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Cover for Through My Eyes

Through My Eyes

Ruby Bridges

Ruby Bridges, Margo Lundell (Editor)

Hardcover

List Price: 17.99*
* Individual store prices may vary.

Description

In November 1960, all of America watched as a tiny six-year-old black girl, surrounded by federal marshals, walked through a mob of screaming segregationists and into her school. An icon of the civil rights movement, Ruby Bridges chronicles each dramatic step of this pivotal event in history through her own words.


Praise For Through My Eyes: Ruby Bridges

USA TODAYThursday, March 23, 2000LIFEThe best in the eyes of young readersby: Bob MinzesheimerNorman Rockwell painted her when she was 6, surrounded by four federal marshals, marching to a New Orleans elementary school in the cause of integration. Nearly 40 years later, Ruby Bridges turned her memories of that experience into a book for children. Today, Through My Eyes (Scholastic, $16.95) wins an award as 1999's best non-fiction children's book that "advances humanitarian ideals and serves as an inspiration to young readers." It's recommended for readers ages 7 to 12.It's one of three awards from the Bank Street College of Education in New York. Each year, Bank Street organizes a children's book committee - half adults, half kids. They review 4,000 books and recommend 600 for various age groups. 'The work is shared by 28 librarians, teachers, authors and parents and 28 "young reviewers" (ages 7 to 15) from across the country who have in common a passion for books. Today, the committee issues the new edition of The Best Children's Books of the Year, which costs $8, and awards two others prizes:- For a book "in which young people deal in a positive and realistic way with difficulties" and "grow emotionally and moraly"- Gina Willner- Pardo for Figuring Out Frances (Houghton Mifflin, $14). It's about a 10-year-old girl who's trying to figure out boys, her mother and a grand- mother who has Alzheimer's. For readers 8 to 12.- For the best poetry book - to Sonya Sones for Stop Pretending: What Happened When My Big Sister Went Crazy (HarperCollins, $14.95). It's about dealing with an older sister's mental breakdown. For readers 12 to 14.For more information, call 212-8754540 or see www.bankstreet.edu/bookcom.

USA TODAYThursday, March 23, 2000LIFEThe best in the eyes of young readersby: Bob MinzesheimerNorman Rockwell painted her when she was 6, surrounded by four federal marshals, marching to a New Orleans elementary school in the cause of integration. Nearly 40 years later, Ruby Bridges turned her memories of that experience into a book for children. Today, Through My Eyes (Scholastic, $16.95) wins an award as 1999's best non-fiction children's book that "advances humanitarian ideals and serves as an inspiration to young readers." It's recommended for readers ages 7 to 12.It's one of three awards from the Bank Street College of Education in New York. Each year, Bank Street organizes a children's book committee - half adults, half kids. They review 4,000 books and recommend 600 for various age groups. 'The work is shared by 28 librarians, teachers, authors and parents and 28 "young reviewers" (ages 7 to 15) from across the country who have in common a passion for books. Today, the committee issues the new edition of The Best Children's Books of the Year, which costs $8, and awards two others prizes:- For a book "in which young people deal in a positive and realistic way with difficulties" and "grow emotionally and moraly"- Gina Willner- Pardo for Figuring Out Frances (Houghton Mifflin, $14). It's about a 10-year-old girl who's trying to figure out boys, her mother and a grand- mother who has Alzheimer's. For readers 8 to 12.- For the best poetry book - to Sonya Sones for Stop Pretending: What Happened When My Big Sister Went Crazy (HarperCollins, $14.95). It's about dealing with an older sister's mental breakdown. For readers 12 to 14.For more information, call 212-8754540 or see www.bankstreet.edu/bookcom.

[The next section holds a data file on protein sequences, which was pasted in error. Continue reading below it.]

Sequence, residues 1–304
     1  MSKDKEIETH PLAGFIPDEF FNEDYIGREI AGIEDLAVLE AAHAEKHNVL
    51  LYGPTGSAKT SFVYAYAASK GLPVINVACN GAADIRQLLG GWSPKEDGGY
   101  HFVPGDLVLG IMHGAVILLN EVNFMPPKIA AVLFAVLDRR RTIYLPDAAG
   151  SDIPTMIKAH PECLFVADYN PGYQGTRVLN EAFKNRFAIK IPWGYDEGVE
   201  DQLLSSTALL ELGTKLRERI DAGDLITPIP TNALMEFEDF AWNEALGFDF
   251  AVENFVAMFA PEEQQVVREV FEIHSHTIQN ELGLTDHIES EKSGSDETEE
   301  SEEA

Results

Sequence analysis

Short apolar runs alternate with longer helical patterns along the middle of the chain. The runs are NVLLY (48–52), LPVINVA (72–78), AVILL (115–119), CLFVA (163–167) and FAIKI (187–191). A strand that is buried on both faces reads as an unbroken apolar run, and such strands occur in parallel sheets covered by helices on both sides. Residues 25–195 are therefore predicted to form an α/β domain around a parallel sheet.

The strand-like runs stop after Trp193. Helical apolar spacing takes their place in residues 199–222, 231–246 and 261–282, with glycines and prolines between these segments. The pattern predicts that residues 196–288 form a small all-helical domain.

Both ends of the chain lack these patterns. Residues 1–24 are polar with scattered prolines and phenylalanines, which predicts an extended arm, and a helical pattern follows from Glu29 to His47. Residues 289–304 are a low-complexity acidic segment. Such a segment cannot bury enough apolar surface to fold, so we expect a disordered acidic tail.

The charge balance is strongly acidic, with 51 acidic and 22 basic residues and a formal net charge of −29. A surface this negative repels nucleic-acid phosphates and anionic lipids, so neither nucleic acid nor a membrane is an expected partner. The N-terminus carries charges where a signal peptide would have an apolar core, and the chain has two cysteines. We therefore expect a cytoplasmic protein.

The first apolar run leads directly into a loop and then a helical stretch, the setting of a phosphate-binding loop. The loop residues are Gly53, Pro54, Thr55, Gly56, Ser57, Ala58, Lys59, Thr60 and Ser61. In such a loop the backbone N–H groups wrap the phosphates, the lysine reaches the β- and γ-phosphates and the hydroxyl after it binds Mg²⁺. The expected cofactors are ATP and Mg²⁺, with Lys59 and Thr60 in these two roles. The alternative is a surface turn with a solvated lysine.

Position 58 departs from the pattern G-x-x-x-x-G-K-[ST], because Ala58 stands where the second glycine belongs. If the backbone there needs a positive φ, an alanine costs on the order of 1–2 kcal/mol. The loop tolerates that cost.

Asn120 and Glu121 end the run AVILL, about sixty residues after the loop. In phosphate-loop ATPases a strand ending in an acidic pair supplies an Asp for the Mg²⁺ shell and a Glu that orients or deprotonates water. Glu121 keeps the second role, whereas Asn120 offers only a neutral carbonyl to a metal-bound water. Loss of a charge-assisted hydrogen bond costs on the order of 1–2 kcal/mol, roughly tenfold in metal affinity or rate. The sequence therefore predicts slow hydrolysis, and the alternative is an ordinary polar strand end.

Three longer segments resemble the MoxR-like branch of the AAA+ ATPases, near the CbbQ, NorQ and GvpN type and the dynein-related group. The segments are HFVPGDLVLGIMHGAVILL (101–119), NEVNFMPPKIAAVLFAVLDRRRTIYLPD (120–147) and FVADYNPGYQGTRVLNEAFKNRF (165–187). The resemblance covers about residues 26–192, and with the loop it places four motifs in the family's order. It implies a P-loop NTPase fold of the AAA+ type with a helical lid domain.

Scholastic Press, 9780590189231, 64pp.

Publication Date: September 1, 1999



About the Author

Ruby Bridges is a Civil Rights icon, activist, author and speaker who at the age of six was the first Black student to integrate an all-white elementary school in Louisiana. Her walk to the front door of the school was immortalized in Norman Rockwell’s painting The Problem We All Live With, in Robert Coles’ book The Story of Ruby Bridges, and in the Disney movie Ruby Bridges.

Bridges is the recipient of numerous awards, including the NAACP Martin Luther King Award, the Presidential Citizens Medal, and honorary doctorate degrees from Connecticut College, College of New Rochelle, Columbia University Teachers College, and Tulane University. Bridges is also the author of Through My Eyes, This Is Your Time, and most recently, her acclaimed picture book, I Am Ruby Bridges.